I've been playing with Ruby sandboxing alot over the past several 
weeks.  I've been using remove_const and redefinitions of classes to 
limit Ruby rather than $SAFE.  I want to offer an interpreter which can 
be scripted without needing to learn tainting and still giving the 
ability to `eval'.

Here are the assumptions:
1. The filesystem is chroot'd or, better yet, a virtual filesystem 
implemented in Ruby memory.  (Like MockFS.)
2. Scripts will be monitored for CPU usage and consuming processes will 
be killed.
3. STDERR, STDIN and STDOUT are attached to the user's input and output 
(the browser).
4. The following constants are removed from Object: Continuation, GC,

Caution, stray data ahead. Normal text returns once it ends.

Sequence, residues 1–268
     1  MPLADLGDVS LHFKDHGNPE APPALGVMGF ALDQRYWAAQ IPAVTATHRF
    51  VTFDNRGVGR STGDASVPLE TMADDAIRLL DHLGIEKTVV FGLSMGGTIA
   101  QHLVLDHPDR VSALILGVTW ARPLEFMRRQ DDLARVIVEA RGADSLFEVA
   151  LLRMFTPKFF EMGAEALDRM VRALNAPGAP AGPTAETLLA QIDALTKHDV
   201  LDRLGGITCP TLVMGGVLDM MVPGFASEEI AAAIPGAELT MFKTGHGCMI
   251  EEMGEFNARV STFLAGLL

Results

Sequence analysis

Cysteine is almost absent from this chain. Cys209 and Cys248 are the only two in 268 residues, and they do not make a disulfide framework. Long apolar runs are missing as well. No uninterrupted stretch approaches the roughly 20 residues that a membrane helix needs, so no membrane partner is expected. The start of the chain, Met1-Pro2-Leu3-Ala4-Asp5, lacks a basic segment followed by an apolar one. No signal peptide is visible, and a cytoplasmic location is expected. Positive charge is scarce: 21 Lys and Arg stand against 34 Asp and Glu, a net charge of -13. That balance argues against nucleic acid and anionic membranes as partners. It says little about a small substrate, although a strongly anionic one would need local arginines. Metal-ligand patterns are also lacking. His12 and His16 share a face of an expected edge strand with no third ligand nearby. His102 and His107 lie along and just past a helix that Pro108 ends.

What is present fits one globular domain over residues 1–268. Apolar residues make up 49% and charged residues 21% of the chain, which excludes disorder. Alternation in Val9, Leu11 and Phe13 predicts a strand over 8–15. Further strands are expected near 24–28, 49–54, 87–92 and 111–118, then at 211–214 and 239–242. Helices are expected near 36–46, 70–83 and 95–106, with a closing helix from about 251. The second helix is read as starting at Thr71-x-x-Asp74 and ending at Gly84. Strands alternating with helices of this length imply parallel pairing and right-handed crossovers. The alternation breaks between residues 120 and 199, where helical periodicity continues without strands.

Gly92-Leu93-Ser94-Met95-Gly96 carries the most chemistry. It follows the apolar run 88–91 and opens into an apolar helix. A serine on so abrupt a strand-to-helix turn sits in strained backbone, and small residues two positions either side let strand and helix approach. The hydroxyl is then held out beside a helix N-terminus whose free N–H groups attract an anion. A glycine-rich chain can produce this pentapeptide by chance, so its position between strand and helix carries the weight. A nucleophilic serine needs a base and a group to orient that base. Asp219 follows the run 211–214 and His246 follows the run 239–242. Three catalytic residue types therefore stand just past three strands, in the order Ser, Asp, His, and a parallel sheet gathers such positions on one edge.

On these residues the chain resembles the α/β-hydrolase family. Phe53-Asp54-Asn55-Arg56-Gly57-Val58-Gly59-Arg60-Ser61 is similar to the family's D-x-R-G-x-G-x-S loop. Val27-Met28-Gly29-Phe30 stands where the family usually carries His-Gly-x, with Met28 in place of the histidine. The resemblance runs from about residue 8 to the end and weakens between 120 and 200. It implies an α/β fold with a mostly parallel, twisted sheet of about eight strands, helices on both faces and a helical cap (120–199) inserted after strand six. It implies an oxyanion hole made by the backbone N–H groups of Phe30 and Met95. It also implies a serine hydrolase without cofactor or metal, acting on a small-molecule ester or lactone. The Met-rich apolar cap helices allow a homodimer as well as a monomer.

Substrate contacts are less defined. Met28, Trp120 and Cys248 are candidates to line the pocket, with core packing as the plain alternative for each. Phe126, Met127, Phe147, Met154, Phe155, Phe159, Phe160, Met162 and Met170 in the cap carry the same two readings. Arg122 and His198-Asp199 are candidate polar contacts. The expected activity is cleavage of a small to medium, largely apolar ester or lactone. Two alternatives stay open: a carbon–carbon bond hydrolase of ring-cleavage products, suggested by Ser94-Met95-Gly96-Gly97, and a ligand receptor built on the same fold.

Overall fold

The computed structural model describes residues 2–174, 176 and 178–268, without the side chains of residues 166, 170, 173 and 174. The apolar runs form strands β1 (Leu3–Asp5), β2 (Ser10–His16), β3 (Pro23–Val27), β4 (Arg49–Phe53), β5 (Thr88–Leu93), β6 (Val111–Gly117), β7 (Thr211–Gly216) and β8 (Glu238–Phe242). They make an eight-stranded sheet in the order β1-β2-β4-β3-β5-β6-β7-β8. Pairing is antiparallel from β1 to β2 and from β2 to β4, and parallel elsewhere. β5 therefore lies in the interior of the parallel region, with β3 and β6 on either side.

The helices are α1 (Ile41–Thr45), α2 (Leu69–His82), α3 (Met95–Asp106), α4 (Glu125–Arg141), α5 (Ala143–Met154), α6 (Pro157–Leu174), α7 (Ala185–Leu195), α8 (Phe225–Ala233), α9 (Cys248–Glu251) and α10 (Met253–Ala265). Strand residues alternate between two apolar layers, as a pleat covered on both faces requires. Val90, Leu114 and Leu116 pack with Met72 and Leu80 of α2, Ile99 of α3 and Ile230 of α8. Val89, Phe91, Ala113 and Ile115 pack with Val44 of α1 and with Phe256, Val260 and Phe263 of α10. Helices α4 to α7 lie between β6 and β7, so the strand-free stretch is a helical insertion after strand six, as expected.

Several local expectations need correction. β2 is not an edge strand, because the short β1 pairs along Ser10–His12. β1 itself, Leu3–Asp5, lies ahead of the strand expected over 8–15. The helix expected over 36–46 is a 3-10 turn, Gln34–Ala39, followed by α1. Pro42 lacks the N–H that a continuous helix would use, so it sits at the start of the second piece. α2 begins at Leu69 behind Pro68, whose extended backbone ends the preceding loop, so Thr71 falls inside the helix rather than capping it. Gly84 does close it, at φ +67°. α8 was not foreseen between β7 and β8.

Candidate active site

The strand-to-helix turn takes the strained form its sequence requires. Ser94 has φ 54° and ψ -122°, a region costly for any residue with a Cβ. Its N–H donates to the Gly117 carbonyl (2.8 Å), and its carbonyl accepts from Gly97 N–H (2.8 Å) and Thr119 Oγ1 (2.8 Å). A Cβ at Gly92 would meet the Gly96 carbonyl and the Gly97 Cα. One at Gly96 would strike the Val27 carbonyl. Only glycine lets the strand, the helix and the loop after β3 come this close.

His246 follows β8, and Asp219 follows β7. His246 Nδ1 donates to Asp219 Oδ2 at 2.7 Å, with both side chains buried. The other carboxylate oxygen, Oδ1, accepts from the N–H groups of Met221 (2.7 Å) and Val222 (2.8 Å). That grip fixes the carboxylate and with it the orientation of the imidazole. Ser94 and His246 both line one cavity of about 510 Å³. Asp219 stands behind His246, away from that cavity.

ObjectSpace, Process.
5. The following methods are removed or redefined in Kernel: (backtick), 
abort, autoload, autoload?, exec, exit, exit!, getc, gets, fork, load, 
readline, readlines, require, select, syscall, system, test.
6. As a part of #1, the following class are redefined to prevent them 
from accessing the actual filesystem: File, FileTest, Dir, DBM, File::Stat.
7. All communication to the interpreter is done through a UNIXServer 
socket, like this:

   s = UNIXServer.open( socket_path )
  # .. removal of all constants (including UNIXServer), loading of libs
  while true
    Thread.start( s.accept ) do |s|
       if cmd = s.gets
         s.write eval(cmd)
         s.close
       end
     end
   end

It's a bit more complicated than this, but you get the idea.

My questions are three:
1. Are removed constants and methods available elsewhere in the interpreter?
2. Could this be distilled into a general practice, as standard as $SAFE?
3. In general, what am I overlooking?

_why